Okay, and because the scenery was so damn beautiful. At some points, I literally sat down on the ground – backpack still on – to shoot the brilliant wildflowers.
After doddling around taking photos (I was in no hurry), I finally got to lower blue lake in 100 minutes. As I saw it for the first time, I let out an audible, “Holy shit!” I’d literally never done that before.
It was that breathtaking.
I was floored. A little tired, I headed to the water’s edge to drop my pack and take in the sights. The water’s blueness, coupled with the towering peaks surrounding it, made me understand why this was one of the top destinations in the
Once I refueled, I continued towards one of the upper lakes – whichever one would give me easy access to water and camping conditions. That ended up being the upper lake, at 11,700 feet. I couldn’t believe I was actually backpacking Blue Lakes.
Amazing wildflowers on the Colorado backpacking trails
The final uphill, less than a mile, took forever because I kept stopping to take photos of the wildflowers – this time with lower blue lakes in the background. Mindblowing is an understatement for these views.
I finally reached my home for the night around 3:30 on the corner of Upper Blue Lake. Post set up, which is now a quick endeavor, I settled in, munched on food, and figured out where I wanted to watch the sunset.
While I did this, Rob (new friend alert) walked over and asked if I would be hiking Mt. Sneffels tomorrow morning. Of course, I said yes, and asked if he would mind if I tagged along, and he said definitely.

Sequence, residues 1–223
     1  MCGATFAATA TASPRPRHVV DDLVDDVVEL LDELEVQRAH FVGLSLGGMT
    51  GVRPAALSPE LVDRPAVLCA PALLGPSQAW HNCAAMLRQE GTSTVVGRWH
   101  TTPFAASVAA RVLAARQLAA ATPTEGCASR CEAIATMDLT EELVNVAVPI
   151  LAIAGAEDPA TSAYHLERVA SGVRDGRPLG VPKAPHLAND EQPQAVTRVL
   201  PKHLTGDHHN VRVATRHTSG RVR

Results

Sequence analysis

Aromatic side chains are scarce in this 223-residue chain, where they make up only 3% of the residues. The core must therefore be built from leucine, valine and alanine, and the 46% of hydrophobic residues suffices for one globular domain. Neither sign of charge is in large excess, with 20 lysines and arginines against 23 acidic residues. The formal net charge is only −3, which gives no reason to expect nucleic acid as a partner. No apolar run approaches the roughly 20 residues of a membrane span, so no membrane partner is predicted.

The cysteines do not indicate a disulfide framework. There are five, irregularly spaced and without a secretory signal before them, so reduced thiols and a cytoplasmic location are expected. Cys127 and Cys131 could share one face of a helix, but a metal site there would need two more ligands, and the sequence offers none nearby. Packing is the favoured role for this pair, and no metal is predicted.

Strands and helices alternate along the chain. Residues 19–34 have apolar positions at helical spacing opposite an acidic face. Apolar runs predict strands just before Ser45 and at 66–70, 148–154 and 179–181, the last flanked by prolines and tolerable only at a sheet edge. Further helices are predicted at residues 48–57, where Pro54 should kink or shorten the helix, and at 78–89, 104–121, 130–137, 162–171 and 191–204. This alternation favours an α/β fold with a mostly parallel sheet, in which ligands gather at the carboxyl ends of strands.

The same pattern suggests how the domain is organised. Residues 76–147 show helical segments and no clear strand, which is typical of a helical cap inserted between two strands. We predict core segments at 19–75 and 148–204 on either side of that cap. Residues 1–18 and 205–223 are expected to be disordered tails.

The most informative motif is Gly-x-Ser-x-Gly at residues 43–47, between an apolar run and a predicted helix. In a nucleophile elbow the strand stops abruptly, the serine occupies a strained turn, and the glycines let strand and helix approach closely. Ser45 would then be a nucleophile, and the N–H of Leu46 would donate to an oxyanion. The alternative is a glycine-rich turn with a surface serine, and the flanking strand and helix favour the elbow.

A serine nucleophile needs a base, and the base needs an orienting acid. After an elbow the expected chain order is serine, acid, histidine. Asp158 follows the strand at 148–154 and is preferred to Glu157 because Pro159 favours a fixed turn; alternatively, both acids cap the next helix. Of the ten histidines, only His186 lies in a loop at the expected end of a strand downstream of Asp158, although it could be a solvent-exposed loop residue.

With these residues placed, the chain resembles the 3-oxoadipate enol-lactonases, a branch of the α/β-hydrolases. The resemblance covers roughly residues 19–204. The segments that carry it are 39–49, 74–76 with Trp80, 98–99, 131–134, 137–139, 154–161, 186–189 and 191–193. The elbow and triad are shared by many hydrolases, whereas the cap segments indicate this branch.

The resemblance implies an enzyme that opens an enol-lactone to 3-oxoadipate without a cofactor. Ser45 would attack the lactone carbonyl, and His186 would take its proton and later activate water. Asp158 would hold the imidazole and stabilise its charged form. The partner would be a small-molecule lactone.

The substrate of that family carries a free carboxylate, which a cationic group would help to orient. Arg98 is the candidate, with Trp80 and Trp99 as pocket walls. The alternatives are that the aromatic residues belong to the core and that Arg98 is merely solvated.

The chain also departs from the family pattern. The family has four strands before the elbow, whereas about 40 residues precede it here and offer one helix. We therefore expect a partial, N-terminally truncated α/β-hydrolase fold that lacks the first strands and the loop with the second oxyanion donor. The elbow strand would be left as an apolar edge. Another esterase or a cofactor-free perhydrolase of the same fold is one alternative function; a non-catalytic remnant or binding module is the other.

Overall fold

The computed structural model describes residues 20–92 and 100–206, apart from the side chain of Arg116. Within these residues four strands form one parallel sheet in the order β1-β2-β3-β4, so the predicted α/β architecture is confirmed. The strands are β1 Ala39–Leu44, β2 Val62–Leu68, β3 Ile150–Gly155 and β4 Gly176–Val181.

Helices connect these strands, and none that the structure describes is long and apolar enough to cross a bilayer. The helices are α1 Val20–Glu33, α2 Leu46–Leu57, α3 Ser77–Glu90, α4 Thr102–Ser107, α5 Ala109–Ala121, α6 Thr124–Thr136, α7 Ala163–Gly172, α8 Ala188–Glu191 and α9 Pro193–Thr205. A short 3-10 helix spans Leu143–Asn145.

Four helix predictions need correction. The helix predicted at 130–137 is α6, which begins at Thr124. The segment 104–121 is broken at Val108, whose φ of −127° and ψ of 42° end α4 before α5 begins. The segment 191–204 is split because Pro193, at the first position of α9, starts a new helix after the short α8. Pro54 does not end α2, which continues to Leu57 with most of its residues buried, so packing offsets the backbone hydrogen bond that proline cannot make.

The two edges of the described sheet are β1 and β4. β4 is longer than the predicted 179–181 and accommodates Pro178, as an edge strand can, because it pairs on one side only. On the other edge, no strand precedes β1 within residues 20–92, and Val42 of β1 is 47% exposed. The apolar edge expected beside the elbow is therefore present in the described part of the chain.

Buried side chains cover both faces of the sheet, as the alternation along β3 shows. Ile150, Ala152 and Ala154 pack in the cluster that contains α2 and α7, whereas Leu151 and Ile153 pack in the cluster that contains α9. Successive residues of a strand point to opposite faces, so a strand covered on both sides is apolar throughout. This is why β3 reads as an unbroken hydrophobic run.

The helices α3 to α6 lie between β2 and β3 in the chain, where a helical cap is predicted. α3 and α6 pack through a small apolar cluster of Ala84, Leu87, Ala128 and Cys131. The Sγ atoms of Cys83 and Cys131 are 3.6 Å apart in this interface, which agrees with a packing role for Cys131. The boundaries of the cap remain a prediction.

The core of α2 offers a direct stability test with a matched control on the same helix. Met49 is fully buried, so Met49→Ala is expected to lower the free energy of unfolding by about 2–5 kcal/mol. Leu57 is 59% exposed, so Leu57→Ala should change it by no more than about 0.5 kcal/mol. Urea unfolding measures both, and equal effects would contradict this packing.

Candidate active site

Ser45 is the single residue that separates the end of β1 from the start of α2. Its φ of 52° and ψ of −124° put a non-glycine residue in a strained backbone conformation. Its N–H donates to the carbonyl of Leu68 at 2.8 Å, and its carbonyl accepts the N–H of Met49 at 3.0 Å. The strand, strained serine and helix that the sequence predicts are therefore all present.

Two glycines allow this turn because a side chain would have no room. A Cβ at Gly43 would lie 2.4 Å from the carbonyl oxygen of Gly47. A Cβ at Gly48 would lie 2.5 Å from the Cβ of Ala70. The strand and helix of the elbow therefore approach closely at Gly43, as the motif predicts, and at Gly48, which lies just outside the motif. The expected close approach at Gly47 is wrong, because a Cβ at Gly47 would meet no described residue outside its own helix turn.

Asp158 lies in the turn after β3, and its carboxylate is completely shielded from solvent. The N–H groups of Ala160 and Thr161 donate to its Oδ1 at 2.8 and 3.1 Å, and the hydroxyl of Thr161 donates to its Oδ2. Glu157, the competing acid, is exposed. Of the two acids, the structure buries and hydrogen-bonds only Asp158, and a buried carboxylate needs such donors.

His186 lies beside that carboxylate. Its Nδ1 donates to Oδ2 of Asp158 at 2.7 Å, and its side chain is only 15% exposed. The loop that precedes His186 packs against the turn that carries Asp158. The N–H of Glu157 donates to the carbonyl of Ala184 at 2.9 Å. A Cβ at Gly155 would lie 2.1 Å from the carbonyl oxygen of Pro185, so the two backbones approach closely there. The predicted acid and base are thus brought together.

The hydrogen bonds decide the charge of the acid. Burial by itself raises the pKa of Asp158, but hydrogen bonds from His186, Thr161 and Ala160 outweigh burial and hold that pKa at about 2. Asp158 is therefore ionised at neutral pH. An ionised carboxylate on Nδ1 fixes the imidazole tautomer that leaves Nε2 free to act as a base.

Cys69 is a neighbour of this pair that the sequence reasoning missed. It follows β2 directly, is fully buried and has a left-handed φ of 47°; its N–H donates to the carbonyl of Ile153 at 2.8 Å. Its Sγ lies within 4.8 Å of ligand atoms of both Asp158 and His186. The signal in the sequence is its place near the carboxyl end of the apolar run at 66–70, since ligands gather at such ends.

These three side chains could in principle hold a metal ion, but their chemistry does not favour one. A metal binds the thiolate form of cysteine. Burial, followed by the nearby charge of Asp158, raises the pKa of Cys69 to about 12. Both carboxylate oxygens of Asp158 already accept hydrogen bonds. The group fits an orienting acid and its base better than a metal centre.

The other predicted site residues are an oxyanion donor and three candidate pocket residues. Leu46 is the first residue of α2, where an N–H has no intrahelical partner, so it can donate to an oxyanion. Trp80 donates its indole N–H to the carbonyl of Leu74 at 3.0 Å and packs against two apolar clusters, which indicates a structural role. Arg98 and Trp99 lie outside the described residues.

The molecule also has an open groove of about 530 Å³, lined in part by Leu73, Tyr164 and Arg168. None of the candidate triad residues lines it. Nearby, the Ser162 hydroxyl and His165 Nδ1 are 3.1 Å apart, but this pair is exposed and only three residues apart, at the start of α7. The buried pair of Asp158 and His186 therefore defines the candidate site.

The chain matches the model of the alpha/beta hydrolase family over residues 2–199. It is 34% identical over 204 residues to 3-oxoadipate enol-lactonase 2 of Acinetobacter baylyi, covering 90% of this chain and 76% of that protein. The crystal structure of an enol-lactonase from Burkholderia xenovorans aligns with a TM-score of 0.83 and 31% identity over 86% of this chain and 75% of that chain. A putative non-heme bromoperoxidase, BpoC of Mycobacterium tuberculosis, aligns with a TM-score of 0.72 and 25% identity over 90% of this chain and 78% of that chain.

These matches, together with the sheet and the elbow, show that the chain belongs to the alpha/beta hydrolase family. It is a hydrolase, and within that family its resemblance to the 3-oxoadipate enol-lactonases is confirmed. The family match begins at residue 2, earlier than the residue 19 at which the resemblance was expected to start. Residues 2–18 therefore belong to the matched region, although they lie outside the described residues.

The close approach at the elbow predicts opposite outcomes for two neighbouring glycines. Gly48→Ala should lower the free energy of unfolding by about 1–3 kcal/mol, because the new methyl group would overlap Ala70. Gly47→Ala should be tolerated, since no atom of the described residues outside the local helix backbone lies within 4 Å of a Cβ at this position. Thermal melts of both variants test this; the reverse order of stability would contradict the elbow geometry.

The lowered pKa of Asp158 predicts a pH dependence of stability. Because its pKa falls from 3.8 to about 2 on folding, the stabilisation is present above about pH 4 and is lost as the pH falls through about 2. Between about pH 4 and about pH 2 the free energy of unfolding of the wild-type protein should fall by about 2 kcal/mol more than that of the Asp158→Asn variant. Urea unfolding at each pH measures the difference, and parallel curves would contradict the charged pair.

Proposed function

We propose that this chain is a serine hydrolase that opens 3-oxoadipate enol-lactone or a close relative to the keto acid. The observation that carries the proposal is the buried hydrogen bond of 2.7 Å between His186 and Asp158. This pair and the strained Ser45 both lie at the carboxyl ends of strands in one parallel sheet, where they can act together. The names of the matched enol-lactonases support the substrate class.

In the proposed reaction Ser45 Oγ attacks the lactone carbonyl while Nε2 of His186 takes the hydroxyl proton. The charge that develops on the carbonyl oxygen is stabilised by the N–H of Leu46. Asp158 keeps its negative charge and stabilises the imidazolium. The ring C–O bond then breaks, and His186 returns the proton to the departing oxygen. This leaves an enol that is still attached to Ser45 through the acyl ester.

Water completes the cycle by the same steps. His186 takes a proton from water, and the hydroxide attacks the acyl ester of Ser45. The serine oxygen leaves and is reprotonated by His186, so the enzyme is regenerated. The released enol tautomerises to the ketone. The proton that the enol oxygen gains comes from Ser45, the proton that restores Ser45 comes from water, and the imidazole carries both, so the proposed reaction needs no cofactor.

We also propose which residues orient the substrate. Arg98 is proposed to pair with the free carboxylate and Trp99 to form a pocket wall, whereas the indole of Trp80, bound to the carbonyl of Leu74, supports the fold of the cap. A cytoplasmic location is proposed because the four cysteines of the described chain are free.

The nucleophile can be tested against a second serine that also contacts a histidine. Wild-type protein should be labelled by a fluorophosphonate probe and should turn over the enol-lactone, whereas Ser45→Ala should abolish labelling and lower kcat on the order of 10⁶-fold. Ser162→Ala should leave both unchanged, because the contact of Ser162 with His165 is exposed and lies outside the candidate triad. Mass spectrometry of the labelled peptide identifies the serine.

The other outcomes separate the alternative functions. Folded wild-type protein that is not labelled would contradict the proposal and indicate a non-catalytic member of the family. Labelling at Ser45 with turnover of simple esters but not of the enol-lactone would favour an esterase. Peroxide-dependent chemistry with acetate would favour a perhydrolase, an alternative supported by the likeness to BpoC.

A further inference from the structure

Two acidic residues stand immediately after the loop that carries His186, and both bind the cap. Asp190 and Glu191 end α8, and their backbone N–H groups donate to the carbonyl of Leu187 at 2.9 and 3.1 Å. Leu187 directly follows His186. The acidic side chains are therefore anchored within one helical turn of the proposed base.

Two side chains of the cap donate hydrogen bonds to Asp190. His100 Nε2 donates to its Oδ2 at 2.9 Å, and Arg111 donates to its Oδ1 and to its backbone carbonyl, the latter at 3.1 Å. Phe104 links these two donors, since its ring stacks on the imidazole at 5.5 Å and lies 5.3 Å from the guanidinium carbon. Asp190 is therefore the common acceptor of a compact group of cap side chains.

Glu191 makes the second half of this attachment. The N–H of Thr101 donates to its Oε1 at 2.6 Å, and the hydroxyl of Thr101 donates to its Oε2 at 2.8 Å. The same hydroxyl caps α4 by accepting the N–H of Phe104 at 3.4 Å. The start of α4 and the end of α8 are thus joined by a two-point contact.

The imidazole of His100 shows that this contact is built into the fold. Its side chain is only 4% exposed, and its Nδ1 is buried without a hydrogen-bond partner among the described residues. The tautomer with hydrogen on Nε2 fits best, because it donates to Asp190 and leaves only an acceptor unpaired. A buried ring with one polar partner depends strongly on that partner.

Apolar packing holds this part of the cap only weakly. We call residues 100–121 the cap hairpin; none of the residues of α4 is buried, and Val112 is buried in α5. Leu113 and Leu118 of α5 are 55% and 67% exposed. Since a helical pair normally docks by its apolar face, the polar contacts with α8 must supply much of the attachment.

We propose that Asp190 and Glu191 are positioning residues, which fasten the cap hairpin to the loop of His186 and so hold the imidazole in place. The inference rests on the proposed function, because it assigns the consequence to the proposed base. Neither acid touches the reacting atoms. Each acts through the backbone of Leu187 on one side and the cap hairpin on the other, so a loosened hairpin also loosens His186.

Once that was settled, I told him I’d be heading to the opposite ridge for sunset and invited him and his wife, Libby. Even in the backcountry, there are ample opportunities to meet new people.
Sunset at Blue Lakes
As golden hour approached, I headed up the ridge – which, at close to 12,000 feet, was a little more than just a quick scamper. But it was worth it. We had Lower Blue Lake below us and towering mountains directly ahead. Pure stoke ensued. The view here convinced me this was definitely one of the best Colorado backpacking trips.
I, per usual, bounced around, getting random shots here and then. Then, I sat and enjoyed the view. Always enjoy the view.
~ I’m purposely skipping the hike to Mt. Sneffels to keep this at a normal length. Please read it here.~
After completing Sneffels, I packed up and headed down. I got all of 100 yards before I saw some sweet-looking flowers and decided to, again, literally sit down on the trail. But, honestly, the entire experience of backpacking Blue Lakes blew my mind.
The rest of the way down was pretty normal until I got near a meadow and thought, “Hmm, I wonder if I’ll see a bear,” and not a hundred feet later, BOOM, a bear. So that was pretty fucking cool!
Thank god I brought my 70-200 lens to get up close and personal with it…from afar.
After what was probably far too long shooting a single bear just eating (I mean, I guess that’s what a celebrity must feel like when they go to eat), I continued onward and finally reached the Blue Lakes trailhead.
I’m not sure how many Colorado backpacking trails have bear encounters, but I was pretty surprised by how popular this hike is. Years later, I’m sure there’s even less bear activity unless people have turned the camping area into a garbage lot.
Wrapping up – Backpacking Blue Lakes
It had been a whirlwind trip backpacking Blue Lakes, Colorado, but also one of amazement and growth. I had never slept so high before and completed another 14er – my hardest to date. Plus, I could cross off another bucket list item from my list.
Overall, this is one of the most incredible Colorado backpacking trails the state has to offer and will blow your mind. And I hope you enjoyed reading about one of the best Colorado backpacking trips.
Until next time adventurers, take care and be safe.
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Are you interested in other backpacking opportunities in the San Juan Mountain? Here you go!